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Sequester Disagreements Could Further Complicate Fiscal Cliff Negotiations

In a plan Treasury Secretary Timothy F. Geithner gave to Congress week, the administration proposed a $4-trillion deficit reduction framework that would replace the $1.2 trillion sequester. Democrats said the plan would raise $1.6 trillion in new taxes. Republicans called it a phony proposal because, they say, it counts some $800 billion in war savings and includes about $1 trillion in spending cuts already were enacted in the 2011 debt limit increase.

Its unclear to what extent a counteroffer proposed by Speaker John A. Boehner, R-Ohio, would replace the sequester.

It could be structured in a number of ways, Boehner spokesman Michael Steel said Dec. 7 of the $2.2 trillion deficit reduction plan.

The Boehner framework would raise $800 billion in revenue, and spending would be cut by $1.4 trillion over a decade.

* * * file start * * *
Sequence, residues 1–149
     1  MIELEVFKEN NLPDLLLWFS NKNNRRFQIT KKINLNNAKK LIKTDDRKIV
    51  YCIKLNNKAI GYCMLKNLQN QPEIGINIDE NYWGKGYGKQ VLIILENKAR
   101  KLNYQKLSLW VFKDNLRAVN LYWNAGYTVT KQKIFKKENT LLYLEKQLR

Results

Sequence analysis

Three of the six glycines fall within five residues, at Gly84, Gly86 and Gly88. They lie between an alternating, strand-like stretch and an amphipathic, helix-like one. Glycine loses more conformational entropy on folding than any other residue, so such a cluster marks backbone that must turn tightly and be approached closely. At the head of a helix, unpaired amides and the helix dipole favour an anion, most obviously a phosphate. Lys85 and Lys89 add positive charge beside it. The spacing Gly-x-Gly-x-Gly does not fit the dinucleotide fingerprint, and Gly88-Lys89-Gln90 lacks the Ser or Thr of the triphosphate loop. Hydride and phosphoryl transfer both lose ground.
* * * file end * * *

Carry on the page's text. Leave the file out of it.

Although both parties object to the arbitrary nature of the sequester, they are on different pages on how it should be replaced.

The sequester resulted from the inability of a special deficit reduction committee to reach agreement last fall on a plan to reduce the deficit by $1.2 trillion over 10 years. Republicans contend that all the deficit reduction should be in the form of spending cuts. The debt limit law, however, gave the committee flexibility to use spending cuts, revenue increases or a combination of both.

Steven T. Dennis contributed to this report.

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